I was so disappointed when I popped into a big book shop in Winchester to buy a copy of one of Raymond's books. They only had a very small selection which was difficult to find and the emphasis was on bold colourful books written by a whole hoard of different popstar celebrities. After the quiet wonder of Raymond's exhibition, these modern books just seemed too loud and over bearing. I came away feeling people just didn't appreciate his work enough, but this clearly wasn't true. Yesterday it was evident that he has influenced generations of storytellers, from artists, actors, animators, film makers, writers and so many more. What a wonderful legacy he has left behind.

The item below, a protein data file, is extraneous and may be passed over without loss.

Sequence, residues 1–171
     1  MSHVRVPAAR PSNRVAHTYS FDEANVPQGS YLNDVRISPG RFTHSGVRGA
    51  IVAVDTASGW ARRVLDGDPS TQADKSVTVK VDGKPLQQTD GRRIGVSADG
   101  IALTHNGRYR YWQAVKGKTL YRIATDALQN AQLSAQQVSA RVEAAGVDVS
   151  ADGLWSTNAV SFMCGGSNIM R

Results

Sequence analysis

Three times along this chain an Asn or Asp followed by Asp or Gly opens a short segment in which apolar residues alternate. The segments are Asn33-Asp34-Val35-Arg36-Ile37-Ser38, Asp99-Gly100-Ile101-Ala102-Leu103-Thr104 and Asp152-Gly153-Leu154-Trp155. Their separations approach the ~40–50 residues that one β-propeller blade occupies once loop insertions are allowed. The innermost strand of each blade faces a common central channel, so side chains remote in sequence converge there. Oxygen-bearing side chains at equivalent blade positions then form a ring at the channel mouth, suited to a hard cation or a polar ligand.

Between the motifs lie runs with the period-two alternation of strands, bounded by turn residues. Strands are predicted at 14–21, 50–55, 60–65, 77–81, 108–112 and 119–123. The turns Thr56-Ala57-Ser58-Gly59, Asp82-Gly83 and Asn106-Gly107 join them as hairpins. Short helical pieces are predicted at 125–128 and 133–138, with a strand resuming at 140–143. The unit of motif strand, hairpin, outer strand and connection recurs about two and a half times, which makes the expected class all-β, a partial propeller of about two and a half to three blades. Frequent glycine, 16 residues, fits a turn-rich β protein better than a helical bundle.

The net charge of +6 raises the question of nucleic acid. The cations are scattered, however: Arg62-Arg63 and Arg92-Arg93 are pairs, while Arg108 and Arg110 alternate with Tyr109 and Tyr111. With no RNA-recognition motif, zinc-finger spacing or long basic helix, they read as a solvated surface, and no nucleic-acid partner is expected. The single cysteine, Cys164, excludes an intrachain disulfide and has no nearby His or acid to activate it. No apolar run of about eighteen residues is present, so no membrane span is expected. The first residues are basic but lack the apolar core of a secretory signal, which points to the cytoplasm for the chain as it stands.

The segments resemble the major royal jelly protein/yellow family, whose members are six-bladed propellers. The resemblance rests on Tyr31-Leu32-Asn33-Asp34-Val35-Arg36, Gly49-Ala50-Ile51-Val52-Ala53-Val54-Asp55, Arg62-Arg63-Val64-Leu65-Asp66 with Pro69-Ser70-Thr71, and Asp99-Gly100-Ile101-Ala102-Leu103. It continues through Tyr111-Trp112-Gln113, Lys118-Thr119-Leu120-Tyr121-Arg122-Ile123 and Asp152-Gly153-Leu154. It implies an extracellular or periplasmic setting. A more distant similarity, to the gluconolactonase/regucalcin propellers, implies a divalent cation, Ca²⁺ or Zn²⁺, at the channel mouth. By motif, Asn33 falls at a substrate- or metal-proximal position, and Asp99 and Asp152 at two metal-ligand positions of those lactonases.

I tried to imagine a world where Raymond Briggs hadn't existed and what this might've meant for me as an illustrator. Without his work I don't think I would be on a constant quest to better myself as a storyteller. I might have settled for a simpler life as an illustrator, rather than trying to delve into my own memories and feelings and what I want to say visually in my own way. I find it a constant struggle but one that I enjoy. Hearing about the way Briggs created his masterpiece, "Ethel and Ernest", the incredible but also normal story of his parents and their lives together, shows that the best illustration work shouldn't be easy. Of course Raymond found it hard to complete at times, pushing himself to confront the moment of his parents' deaths, but the more joyful occasions must've been wonderful to create. A true reflection of how we all live our lives.